Sabtu, 23 Oktober 2010

S A T U R D A Y   October 23, 2010 R. M. (Bob) Peoples

Theme: None

[If the significance of the highlighted entry
has you scratching your head, you're not alone.
It's the number one most Frequently Asked Question.]

This puzzle put up a little big of a fight, but not too much. I'm not going to rag on its level of difficulty though because I'm too distracted by the awesome long entries. In the downs we've got GREASY SPOON (11D: Hardly a Michelin three-star eatery) and CATCH A FEW Z'S (23D: Catnap). That last one was a little tricky because I was reading the clue as a noun, not a verb. Then in the acrosses we've got the fresh and colloquial "OK I GET IT ALREADY!" (17A: "You've made your point!") and the almost-too-good-to-be-true OLD WHAT'S-HIS-NAME (60A: Reference to a long-forgotten acquaintance). That's really a fabulous entry. It took a while to decode it because I reflexively entered ILL. instead of NEB. for 62D: Lincoln's st. — can't believe I'm the only one who made that mistake — so it looked like the long phrase was going to end with the word ME somehow. Had no idea on 64A: Truman secretary of state Dean ACHESON but it all finally came together when THE BEST (66A: Number one) came into focus.

Stuff I just flat-out didn't know:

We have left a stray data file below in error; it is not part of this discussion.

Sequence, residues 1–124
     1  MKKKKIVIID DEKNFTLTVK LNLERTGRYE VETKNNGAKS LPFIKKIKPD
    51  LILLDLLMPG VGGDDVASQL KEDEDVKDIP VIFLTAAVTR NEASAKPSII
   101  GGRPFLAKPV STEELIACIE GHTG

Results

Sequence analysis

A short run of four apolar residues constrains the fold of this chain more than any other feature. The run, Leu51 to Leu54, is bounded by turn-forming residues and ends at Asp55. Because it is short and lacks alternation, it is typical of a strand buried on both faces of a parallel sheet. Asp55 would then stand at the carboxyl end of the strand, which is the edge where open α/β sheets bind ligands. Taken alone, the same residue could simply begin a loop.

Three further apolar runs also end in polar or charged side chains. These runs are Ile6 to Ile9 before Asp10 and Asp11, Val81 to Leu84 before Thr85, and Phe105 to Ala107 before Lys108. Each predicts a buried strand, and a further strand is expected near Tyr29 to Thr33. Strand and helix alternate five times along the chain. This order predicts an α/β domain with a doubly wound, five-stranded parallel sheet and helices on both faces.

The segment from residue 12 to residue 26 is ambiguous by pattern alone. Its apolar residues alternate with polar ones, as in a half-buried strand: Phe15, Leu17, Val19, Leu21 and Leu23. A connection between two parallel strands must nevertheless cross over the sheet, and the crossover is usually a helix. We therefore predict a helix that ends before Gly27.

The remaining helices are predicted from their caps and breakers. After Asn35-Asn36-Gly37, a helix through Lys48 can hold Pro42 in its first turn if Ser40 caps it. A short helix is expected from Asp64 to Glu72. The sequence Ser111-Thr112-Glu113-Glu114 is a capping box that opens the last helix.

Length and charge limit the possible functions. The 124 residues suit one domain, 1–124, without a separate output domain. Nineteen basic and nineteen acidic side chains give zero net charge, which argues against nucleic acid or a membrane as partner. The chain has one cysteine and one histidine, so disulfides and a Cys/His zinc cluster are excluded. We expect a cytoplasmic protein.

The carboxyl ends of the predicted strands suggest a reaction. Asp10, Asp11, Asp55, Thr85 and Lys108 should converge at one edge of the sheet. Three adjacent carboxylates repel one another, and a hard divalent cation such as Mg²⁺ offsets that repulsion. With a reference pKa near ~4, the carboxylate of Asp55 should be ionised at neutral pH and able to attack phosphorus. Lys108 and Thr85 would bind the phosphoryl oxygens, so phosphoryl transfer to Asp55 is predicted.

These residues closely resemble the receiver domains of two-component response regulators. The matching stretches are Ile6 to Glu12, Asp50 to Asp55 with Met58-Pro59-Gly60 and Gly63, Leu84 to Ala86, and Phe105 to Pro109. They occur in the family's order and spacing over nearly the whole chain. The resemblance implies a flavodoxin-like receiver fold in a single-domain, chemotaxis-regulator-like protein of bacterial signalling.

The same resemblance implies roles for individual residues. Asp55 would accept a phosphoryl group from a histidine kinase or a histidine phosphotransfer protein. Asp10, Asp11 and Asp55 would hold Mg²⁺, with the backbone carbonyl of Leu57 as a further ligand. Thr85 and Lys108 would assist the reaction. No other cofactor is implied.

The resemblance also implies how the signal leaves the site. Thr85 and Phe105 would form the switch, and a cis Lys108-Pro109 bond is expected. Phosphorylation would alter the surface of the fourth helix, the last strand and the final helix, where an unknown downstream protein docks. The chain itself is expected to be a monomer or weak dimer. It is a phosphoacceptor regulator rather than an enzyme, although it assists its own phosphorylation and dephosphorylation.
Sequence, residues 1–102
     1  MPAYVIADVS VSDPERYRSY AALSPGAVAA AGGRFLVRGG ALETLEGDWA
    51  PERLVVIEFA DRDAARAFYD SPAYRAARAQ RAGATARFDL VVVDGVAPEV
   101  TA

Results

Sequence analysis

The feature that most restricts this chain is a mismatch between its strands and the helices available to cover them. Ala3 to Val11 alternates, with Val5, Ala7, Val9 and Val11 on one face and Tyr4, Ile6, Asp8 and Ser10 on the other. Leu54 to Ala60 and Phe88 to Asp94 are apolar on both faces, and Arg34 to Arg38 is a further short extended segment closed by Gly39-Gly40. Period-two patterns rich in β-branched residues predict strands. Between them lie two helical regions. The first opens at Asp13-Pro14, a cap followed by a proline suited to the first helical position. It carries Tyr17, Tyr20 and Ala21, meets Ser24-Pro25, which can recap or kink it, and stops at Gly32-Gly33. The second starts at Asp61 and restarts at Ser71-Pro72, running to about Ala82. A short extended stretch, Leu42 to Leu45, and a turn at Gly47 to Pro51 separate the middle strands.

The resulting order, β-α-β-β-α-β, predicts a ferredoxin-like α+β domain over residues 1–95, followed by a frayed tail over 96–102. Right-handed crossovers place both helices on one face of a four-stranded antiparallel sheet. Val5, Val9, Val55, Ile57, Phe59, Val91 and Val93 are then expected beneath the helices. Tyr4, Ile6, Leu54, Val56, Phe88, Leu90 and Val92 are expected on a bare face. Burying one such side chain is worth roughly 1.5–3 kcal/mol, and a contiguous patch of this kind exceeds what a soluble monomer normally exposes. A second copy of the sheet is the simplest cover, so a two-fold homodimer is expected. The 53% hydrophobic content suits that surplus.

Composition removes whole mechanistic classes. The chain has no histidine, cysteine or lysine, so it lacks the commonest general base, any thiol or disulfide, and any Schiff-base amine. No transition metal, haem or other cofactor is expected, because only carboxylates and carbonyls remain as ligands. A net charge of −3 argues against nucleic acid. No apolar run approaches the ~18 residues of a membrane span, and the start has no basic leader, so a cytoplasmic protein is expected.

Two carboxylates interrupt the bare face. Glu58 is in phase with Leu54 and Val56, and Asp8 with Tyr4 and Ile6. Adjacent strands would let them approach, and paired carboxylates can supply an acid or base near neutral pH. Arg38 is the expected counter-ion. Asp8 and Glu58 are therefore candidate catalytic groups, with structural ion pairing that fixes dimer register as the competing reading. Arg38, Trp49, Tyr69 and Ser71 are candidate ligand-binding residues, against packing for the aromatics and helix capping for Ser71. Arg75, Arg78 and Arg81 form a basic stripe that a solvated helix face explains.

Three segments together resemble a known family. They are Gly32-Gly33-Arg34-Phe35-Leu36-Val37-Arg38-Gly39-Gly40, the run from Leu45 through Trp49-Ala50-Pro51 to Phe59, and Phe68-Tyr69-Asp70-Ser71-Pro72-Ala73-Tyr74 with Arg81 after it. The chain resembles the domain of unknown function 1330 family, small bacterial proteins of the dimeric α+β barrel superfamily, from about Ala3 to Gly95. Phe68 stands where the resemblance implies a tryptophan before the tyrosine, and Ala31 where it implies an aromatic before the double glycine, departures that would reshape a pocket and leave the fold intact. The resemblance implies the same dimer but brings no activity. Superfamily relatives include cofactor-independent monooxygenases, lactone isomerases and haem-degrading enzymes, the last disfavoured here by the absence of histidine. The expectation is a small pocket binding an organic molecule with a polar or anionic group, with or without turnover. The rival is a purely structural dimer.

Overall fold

• 22A: Starfleet registry prefix (NCC). Did any of you hear George Takei on "Wait Wait ... Don't Tell Me!" recently? He was pretty funny.
  • 5D: Grieg's "__ Death" (ASE'S). This is the title of one movement of Edvard Grieg's incidental music to Henrik Ibsen's "Peer Gynt."
  • 49D: Birthplace of Merle Oberon (INDIA). Wikipedia says she was an Indian-born British actress whose best-known role was Cathy in "Wuthering Heights" (1939). (I tried to read Wuthering Heights once. It was really zzzzzzzz.....)
  • 51D: __ Maria Remarque, author of "All Quiet on the Western Front" (ERICH). Obviously, I've heard of this title, but I've never known the author.
  • 8A: Small hounds (BEAGLES). PuzzleHusband often threatens to get our family a "coupla hounds." If he ever does, I'll be blogging from ... somewhere else.
  • 20A: Atomic number of nitrogen (SEVEN). Also the prospective name of George Costanza's prospective child (for a while anyway).
  • 27A: Turn left (HAW). GEE, on the other hand, means "turn right." Good to know if you ever find yourself riding a mule.
  • 34A: One who draws exceptionally well? (MEGASTAR). This isn't a reference to someone's ability to draw, like, with a pen, but to draw a crowd.
  • 40A: Surfer's destination (WEB PAGE). I tried WEB SITE first.
  • 47A: Beehive, say (COIF). I knew right away the clue was referring to a hairstyle, but I needed a cross before I could come up with the right four-letter word.
  • 58A: One sold at Sotheby's in 1989 for more than $50,000 (CEL). This clue refers to an animation cel from the movie "Who Framed Roger Rabbit?" If you're interested in learning some background information about CELs, this page is pretty interesting.